Computational Biology Carnegie Mellon University

Carnegie Mellon offers instruction in computational biology through three courses that are taught in a coordinated fashion. Students without programming experience who are interested in learning about the diverse ways in which computers are being used to solve biological problems can take Introduction to Computational Biology. This course has three major sections: Computational Molecular Biology (seven weeks, primarily focusing on sequence analysis), Biological Modeling (six weeks), and Biological Imaging (two weeks). Students with similar backgrounds but who are mainly interested in sequence analysis can take just the first half of the course. These courses are mainly taken by biology majors looking for basic knowledge of this important new field, as well as first-year biology PhD students who are not interested in doing their thesis in computational biology.

For students with strong programming skills and knowledge of computer science fundamentals, the computational biology course covers the same three topics in more detail. It makes use of the same lectures but has an additional one-hour class session per week in which methods are discussed with greater computational and mathematical sophistication, both through lectures and by reading papers from the literature. This course is taken by all computational biology majors, by double majors, by computer science majors with at least an introductory-level biology course, by biomedical engineering majors, and by computational chemistry students. It is also taken by first-year PhD students in biological sciences (interested in computational biology thesis projects), a few PhD students in computer science, and by computational biology MS students. The three courses combined typically have 40 students.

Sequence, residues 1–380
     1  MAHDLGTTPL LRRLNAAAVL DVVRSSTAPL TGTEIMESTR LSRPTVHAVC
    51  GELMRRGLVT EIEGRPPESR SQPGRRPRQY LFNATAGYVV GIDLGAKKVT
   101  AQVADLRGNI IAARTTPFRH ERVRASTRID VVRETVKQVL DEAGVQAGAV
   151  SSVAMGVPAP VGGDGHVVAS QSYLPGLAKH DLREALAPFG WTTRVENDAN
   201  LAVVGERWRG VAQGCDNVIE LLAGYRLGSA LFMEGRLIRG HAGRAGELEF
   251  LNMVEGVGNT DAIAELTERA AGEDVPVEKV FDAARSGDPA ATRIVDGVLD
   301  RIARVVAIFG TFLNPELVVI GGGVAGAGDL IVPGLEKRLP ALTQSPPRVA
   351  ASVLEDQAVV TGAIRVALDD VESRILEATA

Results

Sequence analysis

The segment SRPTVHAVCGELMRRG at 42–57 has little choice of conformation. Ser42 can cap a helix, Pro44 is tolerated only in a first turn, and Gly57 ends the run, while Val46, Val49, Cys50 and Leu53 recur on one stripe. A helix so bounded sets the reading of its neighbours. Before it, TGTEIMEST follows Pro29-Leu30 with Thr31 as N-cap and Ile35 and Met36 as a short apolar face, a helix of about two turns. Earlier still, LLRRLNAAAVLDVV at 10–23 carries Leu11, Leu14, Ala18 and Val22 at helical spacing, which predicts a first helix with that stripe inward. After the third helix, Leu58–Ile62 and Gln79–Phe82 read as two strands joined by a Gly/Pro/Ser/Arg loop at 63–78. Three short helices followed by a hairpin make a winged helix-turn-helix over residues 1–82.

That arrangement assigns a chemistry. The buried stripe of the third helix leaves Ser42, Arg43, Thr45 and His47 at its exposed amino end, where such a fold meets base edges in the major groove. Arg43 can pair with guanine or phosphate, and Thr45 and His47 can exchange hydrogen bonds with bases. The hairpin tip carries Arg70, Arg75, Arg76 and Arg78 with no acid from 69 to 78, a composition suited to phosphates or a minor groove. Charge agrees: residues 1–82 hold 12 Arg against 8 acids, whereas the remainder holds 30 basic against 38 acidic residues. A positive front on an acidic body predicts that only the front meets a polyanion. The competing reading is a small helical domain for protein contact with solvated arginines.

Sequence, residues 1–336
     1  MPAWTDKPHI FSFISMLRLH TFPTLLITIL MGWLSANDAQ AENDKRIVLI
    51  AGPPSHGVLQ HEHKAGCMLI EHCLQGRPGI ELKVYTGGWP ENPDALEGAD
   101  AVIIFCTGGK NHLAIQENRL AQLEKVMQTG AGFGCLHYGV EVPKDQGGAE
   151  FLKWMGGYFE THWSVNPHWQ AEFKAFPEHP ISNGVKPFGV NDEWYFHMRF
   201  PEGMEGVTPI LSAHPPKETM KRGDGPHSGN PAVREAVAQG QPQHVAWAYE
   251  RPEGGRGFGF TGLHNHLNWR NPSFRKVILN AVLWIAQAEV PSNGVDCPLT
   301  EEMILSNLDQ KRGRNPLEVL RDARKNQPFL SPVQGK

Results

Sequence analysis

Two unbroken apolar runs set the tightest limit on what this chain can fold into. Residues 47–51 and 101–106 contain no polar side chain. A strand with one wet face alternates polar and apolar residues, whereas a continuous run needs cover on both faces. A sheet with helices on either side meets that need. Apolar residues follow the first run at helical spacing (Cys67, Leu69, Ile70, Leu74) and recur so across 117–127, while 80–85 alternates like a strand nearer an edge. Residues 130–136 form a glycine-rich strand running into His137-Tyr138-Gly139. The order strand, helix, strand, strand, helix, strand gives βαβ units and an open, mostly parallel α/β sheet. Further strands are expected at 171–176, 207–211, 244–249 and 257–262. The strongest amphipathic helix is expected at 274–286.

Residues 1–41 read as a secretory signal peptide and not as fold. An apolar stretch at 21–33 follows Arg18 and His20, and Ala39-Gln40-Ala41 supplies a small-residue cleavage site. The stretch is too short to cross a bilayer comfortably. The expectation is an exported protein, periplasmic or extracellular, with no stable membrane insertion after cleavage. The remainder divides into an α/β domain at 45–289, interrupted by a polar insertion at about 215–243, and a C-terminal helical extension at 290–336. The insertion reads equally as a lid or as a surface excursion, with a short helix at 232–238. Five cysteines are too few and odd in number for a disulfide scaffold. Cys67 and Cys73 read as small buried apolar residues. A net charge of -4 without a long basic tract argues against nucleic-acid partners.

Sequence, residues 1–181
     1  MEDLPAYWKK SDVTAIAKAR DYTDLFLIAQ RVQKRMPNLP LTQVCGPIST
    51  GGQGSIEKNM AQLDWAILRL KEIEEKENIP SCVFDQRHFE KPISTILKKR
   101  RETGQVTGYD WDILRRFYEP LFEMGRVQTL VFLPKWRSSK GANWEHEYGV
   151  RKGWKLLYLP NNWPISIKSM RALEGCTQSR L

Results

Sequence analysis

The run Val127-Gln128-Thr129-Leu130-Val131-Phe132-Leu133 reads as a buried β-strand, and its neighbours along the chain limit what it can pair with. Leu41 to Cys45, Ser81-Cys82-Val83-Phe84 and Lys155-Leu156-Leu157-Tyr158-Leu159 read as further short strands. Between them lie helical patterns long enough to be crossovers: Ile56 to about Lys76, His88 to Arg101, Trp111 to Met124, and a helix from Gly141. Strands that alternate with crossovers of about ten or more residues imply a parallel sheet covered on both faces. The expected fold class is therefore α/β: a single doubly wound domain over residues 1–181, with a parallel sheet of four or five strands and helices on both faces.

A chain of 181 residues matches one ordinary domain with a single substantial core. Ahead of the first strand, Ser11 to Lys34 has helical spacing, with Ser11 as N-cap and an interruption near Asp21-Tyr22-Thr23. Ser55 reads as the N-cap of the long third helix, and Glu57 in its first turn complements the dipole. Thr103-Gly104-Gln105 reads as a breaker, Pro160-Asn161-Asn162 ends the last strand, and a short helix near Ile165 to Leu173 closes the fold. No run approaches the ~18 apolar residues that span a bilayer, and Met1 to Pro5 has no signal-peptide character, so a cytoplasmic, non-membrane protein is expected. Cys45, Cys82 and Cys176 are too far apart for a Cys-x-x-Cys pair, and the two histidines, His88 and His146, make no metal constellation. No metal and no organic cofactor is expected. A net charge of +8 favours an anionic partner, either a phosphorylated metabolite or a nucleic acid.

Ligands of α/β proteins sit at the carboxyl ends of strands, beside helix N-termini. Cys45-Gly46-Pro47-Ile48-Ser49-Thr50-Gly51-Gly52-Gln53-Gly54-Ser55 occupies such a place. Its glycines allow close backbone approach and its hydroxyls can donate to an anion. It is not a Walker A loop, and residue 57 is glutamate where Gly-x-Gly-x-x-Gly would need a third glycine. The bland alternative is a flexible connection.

There are two major hallmarks to Carnegie Mellon’s computational biology degree programs. Students receive extensive formal training in computer science by taking at least four courses from the normal undergraduate sequence in the School of Computer Science. This permits those students to be taught by faculty who are experts in computer science and gives them the skill set and vocabulary to frame computational problems and communicate with (non-biology-oriented) computer scientists. The second hallmark is the exposure of the students to a full range of computational biology topics, not just sequence-oriented methods.

For more information:

The National Academies | 500 Fifth St. N.W. | Washington, D.C. 20001
Copyright © National Academy of Sciences. All rights reserved.
Terms of Use and Privacy Statement